Making base the default linking set has some advantages:

Shared Library Hell
Avoid problems when a module requires a shared library, and that shared library is not present (or is present but with wrong version) on your system.
Smaller Images Are Faster
Adding things to the heap increases working set size causing a slowdown, which is especially important for small to medium applications.
Uniform User Experience
Composition of the full linking set is up to the packager, while base is the same on all platforms.

See clisp-list for more information (SFmail/200407212204.44395.bruno%40clisp.org/Gmane/general/8691).

A.2.8.

How do I create a GUI for my CLISP program?

Use module gtk2: create ui.glade with Glade, then do

$ ./configure --with-module=gtk2 --cbc build-gtk
$ ./build-gtk/clisp -K full -x '(gtk:run-glade-file "ui.glade")'

There are many other options, see "Common Lisp software running in CLISP".

A.3. Application Delivery

A.3.1. How do I create an executable file with all my code in it?
A.3.2. When I deliver my application with CLISP, does it have to be covered by the GNU GPL?

A.3.1.

How do I create an executable file with all my code in it?

Use EXT:SAVEINITMEM, see also Section 32.6, “Quickstarting delivery with CLISP.

A.3.2.

When I deliver my application with CLISP, does it have to be covered by the GNU GPL?

Not necessarily.

CLISP is Free Software, covered by the GNU GPL, with special terms governing the distribution of applications that run in CLISP. The precise terms can be found in the COPYRIGHT file contained in the source and binary distributions of CLISP. Here is an informal clarification of what these terms mean in practice. Please refer to the said COPYRIGHT file when in doubt.

In many cases, CLISP does not force an application to be covered by the GNU GPL. Nevertheless, we encourage you to release your software under an open source license. The benefits of such a license for your users are numerous, in particular they are free to modify the application when their needs/requirements change, and they are free to recompile the application when they upgrade their machine or operating system.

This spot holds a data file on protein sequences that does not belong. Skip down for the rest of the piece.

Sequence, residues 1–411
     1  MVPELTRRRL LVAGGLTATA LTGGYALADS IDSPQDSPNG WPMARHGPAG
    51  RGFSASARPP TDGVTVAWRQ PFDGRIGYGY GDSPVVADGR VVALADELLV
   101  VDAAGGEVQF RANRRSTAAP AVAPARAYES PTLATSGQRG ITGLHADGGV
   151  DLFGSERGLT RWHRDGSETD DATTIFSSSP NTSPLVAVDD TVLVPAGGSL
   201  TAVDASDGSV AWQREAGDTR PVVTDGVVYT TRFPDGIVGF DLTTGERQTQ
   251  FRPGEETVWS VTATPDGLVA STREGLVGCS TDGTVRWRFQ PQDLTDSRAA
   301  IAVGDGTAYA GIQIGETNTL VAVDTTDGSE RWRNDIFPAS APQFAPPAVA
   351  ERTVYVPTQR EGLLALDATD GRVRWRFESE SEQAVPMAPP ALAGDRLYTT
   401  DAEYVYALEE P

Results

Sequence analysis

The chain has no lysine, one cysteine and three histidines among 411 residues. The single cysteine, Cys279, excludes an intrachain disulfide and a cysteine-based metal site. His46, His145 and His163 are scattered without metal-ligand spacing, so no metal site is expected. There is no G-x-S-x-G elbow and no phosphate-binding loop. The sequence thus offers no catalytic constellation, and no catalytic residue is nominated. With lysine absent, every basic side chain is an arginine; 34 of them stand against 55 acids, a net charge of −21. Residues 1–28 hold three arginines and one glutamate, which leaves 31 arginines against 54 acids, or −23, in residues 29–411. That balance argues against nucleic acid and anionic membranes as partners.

CLISP extensions, i.e. programs which need to access non-portable CLISP internal symbols (in the packages SYSTEM, CLOS, FFI, etc), must be covered by GNU GPL as well.

Other programs running in CLISP have to or need not to be placed under GNU GPL, depending on their distribution form:

  • Programs distributed as Lisp source or #P".fas" files can be distributed without restrictions coming from CLISP.
  • Programs distributed as CLISP memory images can be distributed only if accompanied with the non-CLISP #P".fas" files which make up the memory image, and a Makefile (or clear textual instructions) for rebuilding the memory image.
  • If you need to distribute a modified CLISP executable (for example, incorporating additional modules written in C), you must distribute its full source under GNU GPL. If you are not satisfied with this, you can instead put the additional modules into a separate (non-CLISP) program, with which your Lisp program will communicate via SOCKET:SOCKET-STREAMs.

A.4. Troubles

A.4.1. Where is the binary distribution for my platform?
A.4.2. But a previous release had a binary distribution for my platform, why does not the current one?
A.4.3. Why does not CLISP build on my platform?
A.4.4. Why is the --with-libsigsegv-prefix option ignored by the configure script on my 64-bit machine?
A.4.5. What do charset errors mean?
A.4.6. What does this message mean: “Display all 1259 possibilities? (y or n)”
A.4.7. Why does not command line editing work?